US dollar is the most widely used currency in the world today. The official currency of the United States of America since 1792, it is also used as a de facto currency in many smaller countries – Ecuador, Zimbabwe, Panama etc., and as the most widely used “anchor” currency on the financial markets. Speaking of which, the analysts and commentators often use terms “weak” and “strong” in relation to specific currencies – usually the US dollar.
Strong Dollar or Weak?
The terms strong dollar and weak dollar are used to describe the state of US dollar as compared to other currencies. When dollar is “strong”, it increases in value compared to other currencies, while “weak” dollar means its value is decreasing. Both have their faults and merits, and those largely depend on one’s perspective.
For instance, strong dollar means exported goods (goods exported to the US) are cheaper, while US-made goods are more expensive. Likewise, weak dollar means that US goods are more affordable, giving them more power in future bargains. At the same time, goods imported into the US are less competitive compared to domestic products.
With strong dollar, non-US corporate entities operating within the US or doing business with US companies will make more money, while those same US companies have to fight an uphill battle to export their goods and services abroad. If the opposite is true (as dollar weakens), the situation is reversed: US-based companies will be much more competitive due to lower costs (production or otherwise) while other companies and businesses will have to fight tooth and nail to keep their clients in the US.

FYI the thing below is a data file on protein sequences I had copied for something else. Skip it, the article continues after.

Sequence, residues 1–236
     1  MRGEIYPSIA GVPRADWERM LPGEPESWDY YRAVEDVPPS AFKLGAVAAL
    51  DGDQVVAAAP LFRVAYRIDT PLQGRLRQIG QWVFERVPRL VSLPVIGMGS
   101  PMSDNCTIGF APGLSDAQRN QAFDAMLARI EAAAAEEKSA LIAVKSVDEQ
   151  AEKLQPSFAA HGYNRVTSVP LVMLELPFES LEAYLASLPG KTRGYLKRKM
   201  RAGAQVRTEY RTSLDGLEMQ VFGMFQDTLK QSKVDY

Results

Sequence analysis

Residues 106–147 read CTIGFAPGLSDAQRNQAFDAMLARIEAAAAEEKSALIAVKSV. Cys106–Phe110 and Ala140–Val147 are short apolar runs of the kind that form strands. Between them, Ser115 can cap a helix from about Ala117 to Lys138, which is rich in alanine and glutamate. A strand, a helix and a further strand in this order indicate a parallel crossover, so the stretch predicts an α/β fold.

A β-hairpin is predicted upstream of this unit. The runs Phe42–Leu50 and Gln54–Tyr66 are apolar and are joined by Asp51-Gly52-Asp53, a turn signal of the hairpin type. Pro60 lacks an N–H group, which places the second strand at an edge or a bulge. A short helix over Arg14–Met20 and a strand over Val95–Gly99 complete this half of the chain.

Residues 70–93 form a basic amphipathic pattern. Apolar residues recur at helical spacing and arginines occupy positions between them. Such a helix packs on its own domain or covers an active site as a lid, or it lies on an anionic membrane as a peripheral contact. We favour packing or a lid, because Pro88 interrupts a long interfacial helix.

However, not only the large corporate entities have a stake in the strength of US currency. Ordinary people feel consequences, too. For instance, strong dollar means US citizens will see the rise in living standards (and not just them, but literally everyone who gets paid in US dollars). They will be able to afford more goods of – hopefully – higher quality as the value of their paycheck increases. If they go on a trip abroad, having more valuable currency in their pockets can really make the difference in experience. At the same time, while US tourists profit, tourism within the US suffers, as fewer people can afford to go there and spend their hard-earned money. If US dollar is weak, the situation is reverse.
Overall, there is little to worry about. According to economic theory, currency fluctuations and spikes tend to level themselves out in time, because offering cheap goods makes the demand go up, and demand drives up the prices in turn – and vice versa. Strong dollar is great if you get paid in US currency or do business with US companies; not so great if you do not get paid in US currency (especially if you have to live or travel there). US companies doing business abroad also suffer due to mounting costs and less room for bargaining in foreign markets.